As shown in FIG. 19, the LED lamp array 500 includes multiple clusters, each being made up of LED white and red light sources 52 and 54. Although only two clusters are illustrated in FIG. 19, a number of clusters with the same structure are actually arranged in columns and rows to make the LED lamp array 500. In other words, the LED white and red light sources 52 and 54 are arranged in matrix. In each cluster, the LED white light source 52 includes the blue LED chip 11 and the yellow emitting phosphor 13 that exhibits a luminescence when photoexcited by the emission of the blue LED chip 11, while the LED red light source 54 includes the red LED chip 12.

In the illustrated embodiment, the LED white light source 52 further includes the bulletlike transparent plastic encapsulant 16 for molding the blue LED chip 11 and the yellow emitting phosphor 13 together. As in the first embodiment, the blue LED chip 11 is mounted on the pedestal 17 of the leadframe 14. The LED red light source 54 further includes the bulletlike transparent plastic encapsulant 16 for molding the red LED chip 12, which is also mounted on the pedestal 17 of the leadframe 14. The LED white and red light sources 52 and 54 may be arranged alternately, for example.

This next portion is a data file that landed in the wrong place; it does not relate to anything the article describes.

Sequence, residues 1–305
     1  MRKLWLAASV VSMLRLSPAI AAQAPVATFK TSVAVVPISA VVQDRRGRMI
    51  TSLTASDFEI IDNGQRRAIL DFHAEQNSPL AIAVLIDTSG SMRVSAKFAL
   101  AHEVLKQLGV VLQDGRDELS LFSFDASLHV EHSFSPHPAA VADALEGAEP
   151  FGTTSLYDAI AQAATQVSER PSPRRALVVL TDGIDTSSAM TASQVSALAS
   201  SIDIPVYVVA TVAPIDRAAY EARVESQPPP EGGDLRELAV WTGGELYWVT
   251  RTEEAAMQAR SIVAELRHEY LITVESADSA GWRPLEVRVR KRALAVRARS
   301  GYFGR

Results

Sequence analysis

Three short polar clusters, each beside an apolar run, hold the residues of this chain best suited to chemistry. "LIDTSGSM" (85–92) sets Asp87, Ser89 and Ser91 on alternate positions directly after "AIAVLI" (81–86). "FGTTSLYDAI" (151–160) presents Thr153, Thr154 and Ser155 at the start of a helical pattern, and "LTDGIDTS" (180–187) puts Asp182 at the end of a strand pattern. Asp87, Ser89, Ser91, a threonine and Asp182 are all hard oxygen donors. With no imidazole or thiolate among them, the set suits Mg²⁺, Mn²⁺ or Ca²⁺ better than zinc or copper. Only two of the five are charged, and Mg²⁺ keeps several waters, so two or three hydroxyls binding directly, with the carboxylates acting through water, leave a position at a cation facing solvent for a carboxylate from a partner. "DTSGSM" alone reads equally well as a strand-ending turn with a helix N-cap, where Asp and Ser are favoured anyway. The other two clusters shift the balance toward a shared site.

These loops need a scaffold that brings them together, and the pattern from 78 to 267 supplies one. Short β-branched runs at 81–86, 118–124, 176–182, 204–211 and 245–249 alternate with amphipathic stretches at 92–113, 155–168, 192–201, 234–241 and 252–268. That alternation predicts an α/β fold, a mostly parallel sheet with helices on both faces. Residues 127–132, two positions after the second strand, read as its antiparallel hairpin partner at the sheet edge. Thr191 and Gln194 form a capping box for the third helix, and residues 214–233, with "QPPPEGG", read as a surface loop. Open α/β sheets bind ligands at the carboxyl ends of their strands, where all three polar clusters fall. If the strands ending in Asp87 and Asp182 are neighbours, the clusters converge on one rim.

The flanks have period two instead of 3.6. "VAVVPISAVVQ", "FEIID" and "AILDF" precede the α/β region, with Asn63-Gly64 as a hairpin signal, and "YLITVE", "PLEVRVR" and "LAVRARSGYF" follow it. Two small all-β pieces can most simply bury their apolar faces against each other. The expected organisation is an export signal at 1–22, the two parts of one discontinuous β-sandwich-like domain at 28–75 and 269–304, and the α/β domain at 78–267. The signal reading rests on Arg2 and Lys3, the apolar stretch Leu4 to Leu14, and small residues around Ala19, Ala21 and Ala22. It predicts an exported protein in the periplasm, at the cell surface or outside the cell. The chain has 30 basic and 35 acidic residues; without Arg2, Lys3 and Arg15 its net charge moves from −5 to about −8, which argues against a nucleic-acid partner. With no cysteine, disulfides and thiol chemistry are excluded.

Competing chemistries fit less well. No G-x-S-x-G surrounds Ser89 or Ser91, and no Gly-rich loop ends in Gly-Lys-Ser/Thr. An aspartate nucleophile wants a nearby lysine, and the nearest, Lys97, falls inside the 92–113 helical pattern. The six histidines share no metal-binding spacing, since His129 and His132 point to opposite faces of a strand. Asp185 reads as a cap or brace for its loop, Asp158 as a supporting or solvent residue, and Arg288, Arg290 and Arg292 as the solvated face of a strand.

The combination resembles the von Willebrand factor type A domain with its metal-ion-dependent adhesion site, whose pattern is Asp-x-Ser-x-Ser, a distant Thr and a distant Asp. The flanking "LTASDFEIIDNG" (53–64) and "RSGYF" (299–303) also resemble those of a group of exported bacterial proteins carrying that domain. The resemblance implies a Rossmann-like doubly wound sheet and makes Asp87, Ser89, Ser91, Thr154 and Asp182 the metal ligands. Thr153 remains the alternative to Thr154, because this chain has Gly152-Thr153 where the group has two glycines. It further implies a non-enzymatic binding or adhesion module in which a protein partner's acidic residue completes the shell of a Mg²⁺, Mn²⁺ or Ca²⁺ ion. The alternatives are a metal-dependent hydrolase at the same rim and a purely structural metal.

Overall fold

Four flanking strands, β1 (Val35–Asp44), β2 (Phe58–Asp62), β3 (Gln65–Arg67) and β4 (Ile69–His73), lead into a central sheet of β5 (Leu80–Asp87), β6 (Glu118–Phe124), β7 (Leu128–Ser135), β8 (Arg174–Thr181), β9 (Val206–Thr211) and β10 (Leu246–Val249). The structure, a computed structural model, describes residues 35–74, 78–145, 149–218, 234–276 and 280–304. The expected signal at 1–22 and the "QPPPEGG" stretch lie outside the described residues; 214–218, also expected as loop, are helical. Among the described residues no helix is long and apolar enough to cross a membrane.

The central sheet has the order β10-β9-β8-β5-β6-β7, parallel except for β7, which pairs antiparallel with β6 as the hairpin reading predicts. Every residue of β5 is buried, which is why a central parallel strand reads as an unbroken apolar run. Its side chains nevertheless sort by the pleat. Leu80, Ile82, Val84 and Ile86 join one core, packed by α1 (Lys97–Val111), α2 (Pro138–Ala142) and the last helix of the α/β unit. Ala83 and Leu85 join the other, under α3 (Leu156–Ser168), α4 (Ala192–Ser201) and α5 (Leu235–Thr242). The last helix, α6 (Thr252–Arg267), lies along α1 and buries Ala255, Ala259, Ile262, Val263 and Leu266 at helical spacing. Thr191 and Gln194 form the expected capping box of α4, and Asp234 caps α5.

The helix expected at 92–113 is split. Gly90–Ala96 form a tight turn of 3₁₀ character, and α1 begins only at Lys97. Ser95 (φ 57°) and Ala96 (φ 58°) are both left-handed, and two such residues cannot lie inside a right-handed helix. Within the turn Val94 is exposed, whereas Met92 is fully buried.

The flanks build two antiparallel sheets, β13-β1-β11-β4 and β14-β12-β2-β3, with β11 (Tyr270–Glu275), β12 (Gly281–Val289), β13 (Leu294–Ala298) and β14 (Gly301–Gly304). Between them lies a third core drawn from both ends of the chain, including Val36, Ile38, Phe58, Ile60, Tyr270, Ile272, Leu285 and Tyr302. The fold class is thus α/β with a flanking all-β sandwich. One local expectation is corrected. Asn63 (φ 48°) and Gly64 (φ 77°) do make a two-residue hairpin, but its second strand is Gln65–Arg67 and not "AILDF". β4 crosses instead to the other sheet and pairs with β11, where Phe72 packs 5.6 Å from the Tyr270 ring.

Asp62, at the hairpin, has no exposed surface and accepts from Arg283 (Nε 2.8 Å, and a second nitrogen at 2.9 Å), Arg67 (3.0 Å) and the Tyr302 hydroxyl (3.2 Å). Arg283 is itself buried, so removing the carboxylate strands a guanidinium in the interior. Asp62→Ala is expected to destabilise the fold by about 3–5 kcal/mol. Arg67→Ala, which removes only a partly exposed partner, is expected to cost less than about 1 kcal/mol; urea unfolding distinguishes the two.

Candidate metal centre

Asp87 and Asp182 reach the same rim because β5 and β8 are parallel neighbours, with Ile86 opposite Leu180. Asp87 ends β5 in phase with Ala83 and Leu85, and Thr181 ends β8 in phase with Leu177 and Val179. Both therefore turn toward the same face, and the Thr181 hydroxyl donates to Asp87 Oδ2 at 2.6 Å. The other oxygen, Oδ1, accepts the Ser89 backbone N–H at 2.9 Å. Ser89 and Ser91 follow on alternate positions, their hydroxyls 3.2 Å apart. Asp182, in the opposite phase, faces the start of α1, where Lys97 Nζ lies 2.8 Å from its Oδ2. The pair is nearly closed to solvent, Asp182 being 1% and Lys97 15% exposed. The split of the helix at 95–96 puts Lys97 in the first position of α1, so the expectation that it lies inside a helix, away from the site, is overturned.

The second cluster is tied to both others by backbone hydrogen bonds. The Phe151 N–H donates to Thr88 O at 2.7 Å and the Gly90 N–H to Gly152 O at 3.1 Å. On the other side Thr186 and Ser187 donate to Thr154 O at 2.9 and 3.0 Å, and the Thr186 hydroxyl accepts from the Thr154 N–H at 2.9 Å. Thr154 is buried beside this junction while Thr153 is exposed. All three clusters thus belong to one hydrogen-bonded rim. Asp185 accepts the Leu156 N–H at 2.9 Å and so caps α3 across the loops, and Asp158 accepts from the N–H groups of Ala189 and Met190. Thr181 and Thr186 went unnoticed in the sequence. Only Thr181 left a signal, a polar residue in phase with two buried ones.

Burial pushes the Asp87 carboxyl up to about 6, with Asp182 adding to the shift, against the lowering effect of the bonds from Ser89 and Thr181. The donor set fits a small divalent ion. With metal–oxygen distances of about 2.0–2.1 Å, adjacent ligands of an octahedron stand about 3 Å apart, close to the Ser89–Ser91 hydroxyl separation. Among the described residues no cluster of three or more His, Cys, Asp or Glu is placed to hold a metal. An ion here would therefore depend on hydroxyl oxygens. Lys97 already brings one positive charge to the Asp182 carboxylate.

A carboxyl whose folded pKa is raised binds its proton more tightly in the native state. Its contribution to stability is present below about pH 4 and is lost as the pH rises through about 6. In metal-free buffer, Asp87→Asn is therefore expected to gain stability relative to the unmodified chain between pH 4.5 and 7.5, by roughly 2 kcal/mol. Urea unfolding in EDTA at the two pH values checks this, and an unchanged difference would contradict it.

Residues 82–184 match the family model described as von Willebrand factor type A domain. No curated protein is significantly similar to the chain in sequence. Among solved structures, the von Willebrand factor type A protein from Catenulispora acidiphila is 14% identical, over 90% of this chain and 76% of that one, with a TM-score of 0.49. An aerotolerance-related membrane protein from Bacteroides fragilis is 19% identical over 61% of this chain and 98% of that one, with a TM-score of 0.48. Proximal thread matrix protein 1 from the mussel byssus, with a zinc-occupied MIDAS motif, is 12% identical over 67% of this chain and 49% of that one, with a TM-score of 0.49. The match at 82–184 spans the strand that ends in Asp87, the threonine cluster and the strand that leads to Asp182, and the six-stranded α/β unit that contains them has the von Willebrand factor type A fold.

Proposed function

In the LED lamp array 500 of the fourth embodiment, after the LED white and red light sources 52 and 54 have been made of mutually different materials, multiple pairs of light sources 52 and 54 may be assembled together to form a lamp unit. Accordingly, the design processes of the LED light sources of these two types can be optimized separately. It is also possible to pick and assemble together only good LED light source products for a lamp unit, thus increasing the production yield. Furthermore, these light sources can be easily designed in such a manner as to improve the heat dissipation thereof.